void CMyRdkPlugIn::RegisterExtensions(void)
	AddExtension(new CExamplePostEffectPlugInFactory);


The bulk of your post effect’s implementation will be in the Execute() method. In this example, we will assume you are writing a CPU-based post effect.

All post effects read channel data (pixels), do some calculations, and create new channel data. Very often, this will involve reading RGBA data, processing it, and writing RGBA data. The Execute() method has a parameter of type IRhRdkNewPostEffectPipeline& and another of type const ON_4iRect&. The post effect queries the pipeline for existing channels (the input), asks it to create new channels (the output) and then iterates over pixels within the specified rectangle to create the output form the input. Sometimes the rectangle will be for the whole rendering, and sometimes (during rendering) it will be small areas of the rendering. You don’t need to worry about this; you just need to process that exact rectangle of pixels.

In order to get input channels to process, the post effect must call GetChannel() specifying the channel identifier. Note that post effects are only allowed to access the color component channels (red, green, blue and alpha) by asking for the RGBA composite channel. Requests for the individual components (chanRed etc) are not allowed. So, to get the RGBA channel, the post effect does the following:

	// Get the RGBA channel.
	const auto* pRGBA = pepl.GetChannelForRead(RW::chanRGBA, 0);
	if (nullptr == pRGBA)
		return false;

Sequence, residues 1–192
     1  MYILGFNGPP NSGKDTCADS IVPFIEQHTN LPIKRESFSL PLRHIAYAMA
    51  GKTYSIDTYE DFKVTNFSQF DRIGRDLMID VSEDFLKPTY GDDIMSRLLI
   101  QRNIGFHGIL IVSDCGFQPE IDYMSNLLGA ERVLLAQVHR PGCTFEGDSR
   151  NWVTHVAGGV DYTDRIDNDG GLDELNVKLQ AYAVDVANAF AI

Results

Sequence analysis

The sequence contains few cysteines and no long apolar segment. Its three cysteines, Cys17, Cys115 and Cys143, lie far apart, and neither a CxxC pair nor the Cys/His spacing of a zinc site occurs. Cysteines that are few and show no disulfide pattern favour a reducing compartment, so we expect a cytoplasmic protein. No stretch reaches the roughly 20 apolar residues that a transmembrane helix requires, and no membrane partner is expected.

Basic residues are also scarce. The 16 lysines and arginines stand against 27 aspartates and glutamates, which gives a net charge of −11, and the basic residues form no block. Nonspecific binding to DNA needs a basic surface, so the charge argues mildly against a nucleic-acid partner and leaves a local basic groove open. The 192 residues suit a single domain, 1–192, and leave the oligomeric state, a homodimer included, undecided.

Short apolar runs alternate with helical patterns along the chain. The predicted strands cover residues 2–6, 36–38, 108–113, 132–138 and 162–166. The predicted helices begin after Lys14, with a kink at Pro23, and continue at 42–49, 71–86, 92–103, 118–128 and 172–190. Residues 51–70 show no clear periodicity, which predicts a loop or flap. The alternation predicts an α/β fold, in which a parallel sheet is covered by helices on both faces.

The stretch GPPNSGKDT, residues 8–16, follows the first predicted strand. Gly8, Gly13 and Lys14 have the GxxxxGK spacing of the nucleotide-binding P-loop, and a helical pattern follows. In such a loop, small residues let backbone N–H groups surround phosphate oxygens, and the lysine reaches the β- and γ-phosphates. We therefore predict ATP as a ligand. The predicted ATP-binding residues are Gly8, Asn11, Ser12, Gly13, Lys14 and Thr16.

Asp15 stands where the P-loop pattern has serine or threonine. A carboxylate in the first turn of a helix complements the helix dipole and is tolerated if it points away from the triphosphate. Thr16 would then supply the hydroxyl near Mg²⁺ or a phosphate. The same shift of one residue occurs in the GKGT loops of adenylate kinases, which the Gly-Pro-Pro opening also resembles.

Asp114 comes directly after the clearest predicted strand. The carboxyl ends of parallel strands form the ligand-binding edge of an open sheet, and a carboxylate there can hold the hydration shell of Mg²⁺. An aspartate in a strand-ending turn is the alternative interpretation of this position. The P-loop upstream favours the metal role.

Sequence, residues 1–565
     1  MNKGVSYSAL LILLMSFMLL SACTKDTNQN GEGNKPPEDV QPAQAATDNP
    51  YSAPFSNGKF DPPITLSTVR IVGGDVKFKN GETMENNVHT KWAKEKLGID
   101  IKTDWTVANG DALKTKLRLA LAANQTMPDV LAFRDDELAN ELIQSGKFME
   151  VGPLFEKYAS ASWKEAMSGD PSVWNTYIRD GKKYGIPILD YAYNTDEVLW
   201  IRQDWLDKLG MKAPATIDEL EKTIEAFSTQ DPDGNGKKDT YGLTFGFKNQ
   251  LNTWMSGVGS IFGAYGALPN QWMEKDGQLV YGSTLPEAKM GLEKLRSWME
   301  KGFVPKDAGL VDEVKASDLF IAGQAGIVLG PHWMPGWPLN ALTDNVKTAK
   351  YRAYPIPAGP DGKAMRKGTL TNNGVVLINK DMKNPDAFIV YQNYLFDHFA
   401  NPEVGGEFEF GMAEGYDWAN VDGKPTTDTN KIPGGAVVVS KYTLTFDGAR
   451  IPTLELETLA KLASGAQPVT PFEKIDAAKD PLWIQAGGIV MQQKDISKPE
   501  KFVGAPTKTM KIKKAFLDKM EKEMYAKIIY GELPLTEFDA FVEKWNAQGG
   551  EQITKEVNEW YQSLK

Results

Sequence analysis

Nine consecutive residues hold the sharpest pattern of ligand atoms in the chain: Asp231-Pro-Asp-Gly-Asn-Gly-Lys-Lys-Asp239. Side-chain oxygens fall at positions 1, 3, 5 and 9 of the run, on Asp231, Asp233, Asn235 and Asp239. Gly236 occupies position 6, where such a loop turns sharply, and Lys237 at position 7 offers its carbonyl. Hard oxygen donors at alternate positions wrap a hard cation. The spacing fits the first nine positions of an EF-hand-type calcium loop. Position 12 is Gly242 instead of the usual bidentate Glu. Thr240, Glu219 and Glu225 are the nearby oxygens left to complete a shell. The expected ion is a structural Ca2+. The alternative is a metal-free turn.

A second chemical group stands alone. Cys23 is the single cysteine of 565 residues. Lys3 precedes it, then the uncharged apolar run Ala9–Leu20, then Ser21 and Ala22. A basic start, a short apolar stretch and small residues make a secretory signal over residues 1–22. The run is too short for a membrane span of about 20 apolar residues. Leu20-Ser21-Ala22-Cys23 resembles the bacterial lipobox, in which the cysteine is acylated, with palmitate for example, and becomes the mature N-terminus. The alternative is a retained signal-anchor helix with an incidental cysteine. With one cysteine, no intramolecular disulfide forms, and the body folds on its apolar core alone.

At this point you decide if you want to run on the CPU or the GPU and obtain the correct interface, as follows. We are running on the CPU, so we write:

	const auto* pRGBA_CPU = pRGBA->CPU();
	if (nullptr == pRGBA_CPU)
		return false;

Having got the input channel, we now need to get a new output channel:

	// Create a new RGBA channel.
	auto* pNewRGBA = pepl.GetChannelForWrite(RW::chanRGBA, 0);
	if (nullptr == pNewRGBA)
		return false;

We also need to get the CPU interface:

	auto* pNewRGBA_CPU = pNewRGBA->CPU();
	if (nullptr == pNewRGBA_CPU)
		return false;

Now we are ready to enter the main pixel loop. Inside the loop, you read the input pixels by calling pRGBA_CPU->GetValue() or pRGBA_CPU->GetValueEx(). The latter is preferred because it’s faster than the former which was only retained for backward compatibility. You write the output pixels by calling pNewRGBA_CPU->SetValue(). The iteration is best done by iterating over y and then x. You should include a call to IRhRdkNewPostEffectPipeline::ReportProgress() in the y loop.

	// Iterate over all the pixels in the area.
	for (int y = rect.top; y < rect.bottom; y++)
		for (int x = rect.left; x < rect.right; x++)
			float in[4];
			if (pRGBA_CPU->GetValueEx(x, y, in))
				float out[4];
				// Do calculations and create 'out' from 'in'.
				pNewRGBA_CPU->SetValue(x, y, ComponentOrder::RGBA, out);

		// Report progress and abort if requested to.
		if (!pipeline.ReportProgress(y))

Finally, the new channel must be committed. This causes the pipeline to replace the current version of the channel with your new version. If you don’t do this, you changes will be discarded.

	// Commit the changes.

Your changes are now in the pipeline and the next post effect to run will use your pixel data as its input, assuming it’s also working on RGBA data.

CPU vs GPU channels.

As mentioned above, post effects can run on the GPU instead of the CPU. By calling for the correct interface (CPU() or GPU()) you can transparently get access to the data you need. The pipeline takes care of managing the data and converting / moving it from CPU memory to GPU memory as needed. If several post effects run on the GPU, the data will be moved to the GPU and it will stay there while those post effects run. It will only be moved back to main CPU memory if a post effect calls CPU().